Substance abuse compounds the problems of people with bipolar disorder. Individuals with this comorbidity get less benefit from their mood disorder treatment, recover more slowly from mood swings, spend more time in hospitals, and are more prone to committing suicide. They also are less responsive to drug abuse treatment than noncomorbid individuals, but a new psychosocial intervention may partially alleviate this disadvantage. The intervention, called integrated group therapy (IGT), simultaneously focuses on substance abuse and bipolar disorder. In a recent NIDA-funded clinical trial, IGT reduced patients' substance use more than standard substance abuse group counseling did.
"People with these disorders often feel hopeless about ever getting better," says Dr. Roger D. Weiss, professor of psychiatry at Harvard Medical School and chief of the Division of Alcohol and Drug Abuse at McLean Hospital in Belmont, Massachusetts. "They often feel that no matter what they do, it doesn't help; so they may stop trying." Dr. Weiss and colleagues developed and tested IGT with support from NIDA's Behavioral and Integrative Treatment Development Program.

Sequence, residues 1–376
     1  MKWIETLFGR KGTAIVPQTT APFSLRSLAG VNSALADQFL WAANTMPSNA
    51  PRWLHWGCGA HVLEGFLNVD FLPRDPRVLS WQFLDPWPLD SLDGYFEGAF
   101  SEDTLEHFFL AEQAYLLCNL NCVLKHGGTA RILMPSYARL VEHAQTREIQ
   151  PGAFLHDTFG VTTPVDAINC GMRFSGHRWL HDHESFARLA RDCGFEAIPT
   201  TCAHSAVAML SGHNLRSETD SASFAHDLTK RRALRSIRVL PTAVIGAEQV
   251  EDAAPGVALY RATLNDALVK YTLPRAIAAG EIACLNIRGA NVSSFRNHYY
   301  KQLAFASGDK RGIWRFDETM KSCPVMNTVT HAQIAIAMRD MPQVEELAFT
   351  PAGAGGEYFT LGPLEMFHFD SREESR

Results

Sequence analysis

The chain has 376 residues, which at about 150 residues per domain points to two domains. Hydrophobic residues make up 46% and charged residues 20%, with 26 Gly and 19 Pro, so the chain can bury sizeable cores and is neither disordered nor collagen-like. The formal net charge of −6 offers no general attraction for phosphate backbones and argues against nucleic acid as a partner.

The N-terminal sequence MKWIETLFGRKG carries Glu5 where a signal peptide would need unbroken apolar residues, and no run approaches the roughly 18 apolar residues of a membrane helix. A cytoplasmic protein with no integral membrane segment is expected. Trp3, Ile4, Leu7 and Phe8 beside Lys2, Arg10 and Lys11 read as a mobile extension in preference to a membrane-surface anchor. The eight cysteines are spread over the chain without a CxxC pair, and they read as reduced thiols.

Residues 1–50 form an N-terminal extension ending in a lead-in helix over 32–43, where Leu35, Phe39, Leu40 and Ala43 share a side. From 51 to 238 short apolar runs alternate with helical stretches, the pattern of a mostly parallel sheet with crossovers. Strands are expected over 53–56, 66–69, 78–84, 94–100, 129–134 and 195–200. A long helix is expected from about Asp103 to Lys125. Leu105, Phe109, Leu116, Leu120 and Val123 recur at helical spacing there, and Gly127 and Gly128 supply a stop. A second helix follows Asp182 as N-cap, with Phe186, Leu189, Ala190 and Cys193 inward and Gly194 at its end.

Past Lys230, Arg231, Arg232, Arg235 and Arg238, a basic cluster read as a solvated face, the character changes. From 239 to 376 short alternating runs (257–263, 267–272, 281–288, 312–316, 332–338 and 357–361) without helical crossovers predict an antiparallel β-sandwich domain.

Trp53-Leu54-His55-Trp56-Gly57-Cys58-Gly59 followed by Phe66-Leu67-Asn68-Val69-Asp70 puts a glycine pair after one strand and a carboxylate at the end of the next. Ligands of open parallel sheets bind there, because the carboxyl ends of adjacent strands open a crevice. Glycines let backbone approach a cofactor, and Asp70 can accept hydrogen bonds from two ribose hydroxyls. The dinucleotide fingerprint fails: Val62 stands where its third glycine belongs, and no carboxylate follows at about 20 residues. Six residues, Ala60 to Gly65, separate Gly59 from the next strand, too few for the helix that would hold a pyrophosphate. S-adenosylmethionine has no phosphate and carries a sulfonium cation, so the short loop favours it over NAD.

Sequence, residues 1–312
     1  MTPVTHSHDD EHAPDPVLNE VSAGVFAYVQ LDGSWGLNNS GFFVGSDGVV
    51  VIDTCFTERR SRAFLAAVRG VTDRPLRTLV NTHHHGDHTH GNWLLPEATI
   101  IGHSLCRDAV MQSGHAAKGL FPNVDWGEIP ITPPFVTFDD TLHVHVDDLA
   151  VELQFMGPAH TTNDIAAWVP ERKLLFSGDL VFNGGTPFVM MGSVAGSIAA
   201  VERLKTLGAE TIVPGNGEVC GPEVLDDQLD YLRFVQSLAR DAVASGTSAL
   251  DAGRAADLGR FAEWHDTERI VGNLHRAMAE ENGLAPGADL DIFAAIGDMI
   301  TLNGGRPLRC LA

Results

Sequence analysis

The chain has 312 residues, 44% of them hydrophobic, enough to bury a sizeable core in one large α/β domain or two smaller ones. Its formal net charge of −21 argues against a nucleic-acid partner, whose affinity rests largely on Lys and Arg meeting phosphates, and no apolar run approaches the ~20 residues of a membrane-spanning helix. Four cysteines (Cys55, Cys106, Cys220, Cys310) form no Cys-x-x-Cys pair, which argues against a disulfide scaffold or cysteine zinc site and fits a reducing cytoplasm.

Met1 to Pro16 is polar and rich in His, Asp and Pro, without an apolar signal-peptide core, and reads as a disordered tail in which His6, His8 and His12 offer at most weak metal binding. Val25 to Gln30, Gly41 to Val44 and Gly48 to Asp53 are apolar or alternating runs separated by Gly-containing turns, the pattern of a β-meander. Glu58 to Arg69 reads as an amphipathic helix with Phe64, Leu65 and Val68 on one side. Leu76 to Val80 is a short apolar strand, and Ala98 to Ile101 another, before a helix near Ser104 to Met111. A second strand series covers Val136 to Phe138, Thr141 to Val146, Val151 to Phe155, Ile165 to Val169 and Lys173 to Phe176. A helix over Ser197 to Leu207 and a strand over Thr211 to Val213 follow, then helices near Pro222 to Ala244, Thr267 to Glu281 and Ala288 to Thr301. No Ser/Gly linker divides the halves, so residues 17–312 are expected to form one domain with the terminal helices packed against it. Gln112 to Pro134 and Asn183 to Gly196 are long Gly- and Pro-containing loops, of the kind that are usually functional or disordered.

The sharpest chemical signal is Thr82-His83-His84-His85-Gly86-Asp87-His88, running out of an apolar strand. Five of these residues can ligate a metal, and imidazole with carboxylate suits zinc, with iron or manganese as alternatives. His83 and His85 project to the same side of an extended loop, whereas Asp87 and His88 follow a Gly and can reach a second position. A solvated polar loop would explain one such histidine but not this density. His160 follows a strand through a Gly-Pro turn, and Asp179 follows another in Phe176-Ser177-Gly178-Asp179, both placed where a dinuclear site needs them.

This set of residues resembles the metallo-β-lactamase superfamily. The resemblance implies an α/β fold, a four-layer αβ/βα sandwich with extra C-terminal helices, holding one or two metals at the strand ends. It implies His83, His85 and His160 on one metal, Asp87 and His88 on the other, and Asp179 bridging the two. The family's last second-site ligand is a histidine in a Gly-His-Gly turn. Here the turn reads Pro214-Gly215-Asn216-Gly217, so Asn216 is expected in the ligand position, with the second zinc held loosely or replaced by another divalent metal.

Testing the Approach
All of the study's 62 participants had both bipolar disorder and substance dependence, and all were taking mood-stabilizing prescription medications. The majority had both alcohol and drug disorders; the most common primary drugs of abuse, in order of prevalence, were marijuana, cocaine, sedatives, and opioids. The researchers randomly assigned them to receive either IGT or standard, manual-based substance abuse counseling once per week in groups of six to eight. The two treatment groups did not differ in terms of patients' diagnostic categories, mood-stabilizer regimens, baseline substance use problems, or concurrent participation in individual counseling and 12-step programs.
|Average days of substance use per month||IGT*||Drug Counseling|
|Before group therapy||10.2||13.3|
|During group therapy||5.3||10.0|
|During the 3 months after group therapy||6.0||12.0|
|Average days of alcohol use per month||IGT*||Drug Counseling|
|Before group therapy||9.3||7.8|
|During group therapy||4.4||6.5|
|During the 3 months after group therapy||4.5||7.8|
|Average days of illicit use per month||IGT*||Drug Counseling|
|Before group therapy||6.7||9.7|
|During group therapy||2.1||5.2|
|During the 3 months after group therapy||3.4||6.5|
*Integrated Group Therapy